1. Water. Water almost certainly meets critieria A (confers benefit), but doesn't meet criteria B (reasonable expectation of harm). Therefore, there is no need to ban it, since there is no significant harm in athletes using water. Athletes should use water. I would probably make a similar argument for caffeine.

2. Beer. Beer probably meets criteria B (reasonable expectation of harm), but it is unlikely to meet criteria A (confers benefit), so there is no reason to ban it, since athletes aren't going to use it anyway.

3. Cutting off your nose. I use this as a trivial example. Some may argue that for beer- "well, it's not likely to be beneficial, but since it can harm athletes, we want to ban it to protect the athletes." But it's not reasonable to ban everything that can harm athletes- the purpose of governing athletic bodies is to protect athletes within the context of their sport, not life in general. It may seem obvious that athletes shouldn't have to be reminded not to cut off their nose, but athletic bodies frequently ban interventions with no proven benefit, and in my opinion they are extending themselves into the personal lives of the athletes and no longer protecting the sport. As an example, I don't think regulatory agencies have any business regulating marijuana or alcohol consumption, since they are not directly related to athletic performance.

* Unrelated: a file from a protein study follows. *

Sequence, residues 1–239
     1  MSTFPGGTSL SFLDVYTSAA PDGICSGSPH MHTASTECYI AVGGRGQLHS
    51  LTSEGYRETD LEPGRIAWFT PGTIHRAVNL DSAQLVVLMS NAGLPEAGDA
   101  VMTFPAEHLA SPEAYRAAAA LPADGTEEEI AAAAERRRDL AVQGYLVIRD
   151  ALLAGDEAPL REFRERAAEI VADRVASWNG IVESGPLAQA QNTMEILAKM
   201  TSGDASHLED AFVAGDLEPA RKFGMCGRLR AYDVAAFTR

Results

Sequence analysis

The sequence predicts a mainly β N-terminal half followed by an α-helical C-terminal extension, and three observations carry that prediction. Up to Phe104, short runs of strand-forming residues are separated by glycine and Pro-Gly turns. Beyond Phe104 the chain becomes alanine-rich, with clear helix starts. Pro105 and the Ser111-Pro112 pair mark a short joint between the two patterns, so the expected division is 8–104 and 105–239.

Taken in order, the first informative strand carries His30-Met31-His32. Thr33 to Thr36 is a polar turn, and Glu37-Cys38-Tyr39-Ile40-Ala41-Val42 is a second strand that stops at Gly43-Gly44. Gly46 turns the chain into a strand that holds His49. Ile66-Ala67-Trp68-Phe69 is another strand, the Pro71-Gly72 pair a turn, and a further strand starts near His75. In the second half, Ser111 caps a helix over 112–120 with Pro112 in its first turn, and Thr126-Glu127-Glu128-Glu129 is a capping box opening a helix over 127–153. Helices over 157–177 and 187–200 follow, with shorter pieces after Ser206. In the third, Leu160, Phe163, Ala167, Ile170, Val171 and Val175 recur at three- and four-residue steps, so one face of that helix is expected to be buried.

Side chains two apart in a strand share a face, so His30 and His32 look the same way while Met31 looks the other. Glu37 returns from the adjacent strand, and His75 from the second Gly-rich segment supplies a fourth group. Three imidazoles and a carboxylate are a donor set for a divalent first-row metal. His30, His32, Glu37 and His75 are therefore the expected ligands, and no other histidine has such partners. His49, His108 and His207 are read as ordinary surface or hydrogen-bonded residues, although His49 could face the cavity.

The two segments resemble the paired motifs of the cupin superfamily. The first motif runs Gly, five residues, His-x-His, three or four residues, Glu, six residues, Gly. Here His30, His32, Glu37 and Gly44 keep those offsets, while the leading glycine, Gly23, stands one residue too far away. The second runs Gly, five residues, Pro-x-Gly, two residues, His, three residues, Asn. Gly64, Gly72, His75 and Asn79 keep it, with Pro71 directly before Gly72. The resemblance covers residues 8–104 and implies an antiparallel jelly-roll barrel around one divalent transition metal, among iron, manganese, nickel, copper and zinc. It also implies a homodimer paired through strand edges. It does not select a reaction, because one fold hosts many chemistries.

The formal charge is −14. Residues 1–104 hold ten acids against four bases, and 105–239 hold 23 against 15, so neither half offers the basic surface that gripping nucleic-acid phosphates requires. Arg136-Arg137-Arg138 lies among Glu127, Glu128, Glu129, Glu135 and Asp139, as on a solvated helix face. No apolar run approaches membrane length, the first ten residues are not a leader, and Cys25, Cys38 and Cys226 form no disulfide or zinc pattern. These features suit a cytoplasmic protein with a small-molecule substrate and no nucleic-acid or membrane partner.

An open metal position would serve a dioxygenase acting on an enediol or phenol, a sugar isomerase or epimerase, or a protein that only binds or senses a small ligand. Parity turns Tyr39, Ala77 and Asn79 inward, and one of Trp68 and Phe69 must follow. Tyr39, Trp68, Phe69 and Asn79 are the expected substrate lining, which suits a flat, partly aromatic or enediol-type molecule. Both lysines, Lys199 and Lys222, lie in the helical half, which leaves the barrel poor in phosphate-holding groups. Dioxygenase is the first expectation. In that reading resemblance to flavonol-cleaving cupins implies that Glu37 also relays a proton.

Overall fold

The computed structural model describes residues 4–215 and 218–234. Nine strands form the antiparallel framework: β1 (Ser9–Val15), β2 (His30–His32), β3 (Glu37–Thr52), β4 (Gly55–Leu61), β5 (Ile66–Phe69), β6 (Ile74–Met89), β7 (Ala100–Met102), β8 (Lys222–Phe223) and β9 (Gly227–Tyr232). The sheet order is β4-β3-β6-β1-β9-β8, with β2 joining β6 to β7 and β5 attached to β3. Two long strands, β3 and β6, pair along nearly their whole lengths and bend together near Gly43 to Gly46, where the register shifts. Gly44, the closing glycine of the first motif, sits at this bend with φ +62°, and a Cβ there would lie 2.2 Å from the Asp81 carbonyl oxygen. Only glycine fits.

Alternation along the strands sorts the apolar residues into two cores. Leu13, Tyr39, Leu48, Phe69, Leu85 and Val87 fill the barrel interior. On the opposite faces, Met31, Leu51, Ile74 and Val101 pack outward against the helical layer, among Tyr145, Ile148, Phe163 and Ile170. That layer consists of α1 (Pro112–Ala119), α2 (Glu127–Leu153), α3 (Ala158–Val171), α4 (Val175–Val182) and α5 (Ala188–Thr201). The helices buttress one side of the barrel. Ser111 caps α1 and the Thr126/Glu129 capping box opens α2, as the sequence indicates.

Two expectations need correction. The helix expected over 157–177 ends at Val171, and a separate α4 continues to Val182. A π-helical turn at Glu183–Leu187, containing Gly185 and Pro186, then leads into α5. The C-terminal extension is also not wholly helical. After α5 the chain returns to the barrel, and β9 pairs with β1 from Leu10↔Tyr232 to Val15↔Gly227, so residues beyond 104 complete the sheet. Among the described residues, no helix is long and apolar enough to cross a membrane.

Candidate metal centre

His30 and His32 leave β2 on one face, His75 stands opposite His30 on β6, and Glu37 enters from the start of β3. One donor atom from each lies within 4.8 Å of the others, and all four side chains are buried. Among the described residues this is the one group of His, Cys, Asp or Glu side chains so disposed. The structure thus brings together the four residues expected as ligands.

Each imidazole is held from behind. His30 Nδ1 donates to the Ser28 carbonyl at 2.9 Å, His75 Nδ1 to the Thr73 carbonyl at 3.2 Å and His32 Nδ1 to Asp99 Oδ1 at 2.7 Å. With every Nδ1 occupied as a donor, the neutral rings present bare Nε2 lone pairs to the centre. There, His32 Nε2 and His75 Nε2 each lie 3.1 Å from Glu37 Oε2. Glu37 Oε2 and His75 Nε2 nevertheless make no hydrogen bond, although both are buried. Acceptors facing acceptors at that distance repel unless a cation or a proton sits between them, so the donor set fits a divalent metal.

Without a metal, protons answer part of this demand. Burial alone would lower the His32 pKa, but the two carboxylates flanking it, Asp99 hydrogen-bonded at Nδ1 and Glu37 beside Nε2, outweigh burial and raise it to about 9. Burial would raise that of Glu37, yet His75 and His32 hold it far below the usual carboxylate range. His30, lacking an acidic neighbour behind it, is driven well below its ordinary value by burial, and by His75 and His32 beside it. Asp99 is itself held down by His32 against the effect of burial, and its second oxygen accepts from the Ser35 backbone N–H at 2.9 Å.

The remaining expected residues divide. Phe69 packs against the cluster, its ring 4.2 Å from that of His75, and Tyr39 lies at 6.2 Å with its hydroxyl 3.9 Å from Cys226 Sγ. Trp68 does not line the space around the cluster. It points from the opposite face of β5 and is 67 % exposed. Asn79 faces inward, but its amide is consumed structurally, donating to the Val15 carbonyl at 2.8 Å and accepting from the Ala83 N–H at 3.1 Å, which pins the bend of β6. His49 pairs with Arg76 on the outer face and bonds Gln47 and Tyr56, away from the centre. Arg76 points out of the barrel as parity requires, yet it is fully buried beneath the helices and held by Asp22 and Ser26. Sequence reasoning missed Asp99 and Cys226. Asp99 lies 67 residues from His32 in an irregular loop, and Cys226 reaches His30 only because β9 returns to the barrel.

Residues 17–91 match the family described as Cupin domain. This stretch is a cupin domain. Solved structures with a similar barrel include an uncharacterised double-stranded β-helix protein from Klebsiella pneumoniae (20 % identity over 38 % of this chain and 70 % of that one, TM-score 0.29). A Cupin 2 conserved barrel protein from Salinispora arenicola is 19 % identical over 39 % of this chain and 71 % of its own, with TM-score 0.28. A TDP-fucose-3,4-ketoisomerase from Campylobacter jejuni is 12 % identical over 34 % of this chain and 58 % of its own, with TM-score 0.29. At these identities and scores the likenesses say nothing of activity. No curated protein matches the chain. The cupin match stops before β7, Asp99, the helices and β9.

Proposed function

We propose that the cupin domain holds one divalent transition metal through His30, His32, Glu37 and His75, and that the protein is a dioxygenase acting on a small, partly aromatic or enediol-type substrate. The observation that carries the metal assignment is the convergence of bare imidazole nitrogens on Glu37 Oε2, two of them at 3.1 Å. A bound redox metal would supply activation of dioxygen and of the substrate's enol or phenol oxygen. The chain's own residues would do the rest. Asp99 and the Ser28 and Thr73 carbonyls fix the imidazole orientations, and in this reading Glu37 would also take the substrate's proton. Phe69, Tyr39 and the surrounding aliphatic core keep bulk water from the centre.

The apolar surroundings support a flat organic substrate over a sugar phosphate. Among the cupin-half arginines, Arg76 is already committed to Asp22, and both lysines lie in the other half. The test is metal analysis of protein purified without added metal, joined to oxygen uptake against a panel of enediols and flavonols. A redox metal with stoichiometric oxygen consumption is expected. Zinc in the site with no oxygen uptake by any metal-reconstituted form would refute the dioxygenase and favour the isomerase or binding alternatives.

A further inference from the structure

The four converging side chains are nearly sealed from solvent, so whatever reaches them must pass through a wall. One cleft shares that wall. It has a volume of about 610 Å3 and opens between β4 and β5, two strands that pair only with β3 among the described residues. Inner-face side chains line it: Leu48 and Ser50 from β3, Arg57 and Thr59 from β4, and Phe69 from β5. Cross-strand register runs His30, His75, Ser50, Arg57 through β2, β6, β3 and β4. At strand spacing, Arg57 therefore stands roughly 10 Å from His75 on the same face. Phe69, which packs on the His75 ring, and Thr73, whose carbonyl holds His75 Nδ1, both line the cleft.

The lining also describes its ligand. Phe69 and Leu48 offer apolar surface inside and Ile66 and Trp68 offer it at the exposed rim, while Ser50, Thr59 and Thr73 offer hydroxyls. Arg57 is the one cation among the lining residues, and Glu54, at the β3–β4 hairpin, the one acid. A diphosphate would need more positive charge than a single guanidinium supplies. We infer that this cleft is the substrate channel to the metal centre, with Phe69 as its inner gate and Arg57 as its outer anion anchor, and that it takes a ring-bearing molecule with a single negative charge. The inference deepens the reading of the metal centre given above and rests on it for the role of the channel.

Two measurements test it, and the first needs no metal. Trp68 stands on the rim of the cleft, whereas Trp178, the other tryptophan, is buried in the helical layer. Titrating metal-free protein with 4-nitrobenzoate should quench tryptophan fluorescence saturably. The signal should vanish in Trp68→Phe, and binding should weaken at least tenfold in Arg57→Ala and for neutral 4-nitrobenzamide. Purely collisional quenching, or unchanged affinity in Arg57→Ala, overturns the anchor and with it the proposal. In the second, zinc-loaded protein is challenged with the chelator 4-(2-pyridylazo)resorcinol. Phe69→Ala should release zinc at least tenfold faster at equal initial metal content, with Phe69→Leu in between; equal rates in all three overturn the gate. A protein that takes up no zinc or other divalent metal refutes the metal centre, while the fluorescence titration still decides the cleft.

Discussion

4. Cocaine. Cocaine probably does meet criteria A (it is a stimulant, and probably confers a performance advantage) and also meets criteria B (it has many well documented harmful side effects). This, to me, is the very kind of substance that should be banned- if it was not banned, athletes might feel a selective pressure to take cocaine in order to compete, and therefore put themselves in harms way.

Getting back to the initial question regarding kinesiotape- it is possible that it meets criteria A (offers a performance advantage), but it is highly unlikely that it meets criteria B (reasonably would expect harmful side effects), so I can see no reason to ban it for players, whether they are injured or otherwise.


The other reason for banning an intervention, beyond protecting the safety of the athletes (which is what I was really getting to above) is protecting the aesthetic and performance standards of the sport. There are certain equipment changes which have fundamentally altered the nature of their sports. These include:

1. Composite materials. Materials such as graphite, titanium, and carbon fiber have revolutionized sports like tennis, golf, and cycling. There is frequent discussion about whether these changes have ruined their sports. I think the difference is most striking in tennis, where the advent of new materials has probably been the dominant factor in the shift from serve-and-volley to power baseline as the dominant playing styles. I happen to like this shift, but some people hate it.

2. Aerodynamics/hydrodynamics. Examples include aerobars and disk wheels in cyling and the much-talked about LAZR swimsuit from Speedo have played large roles in rewriting the record books.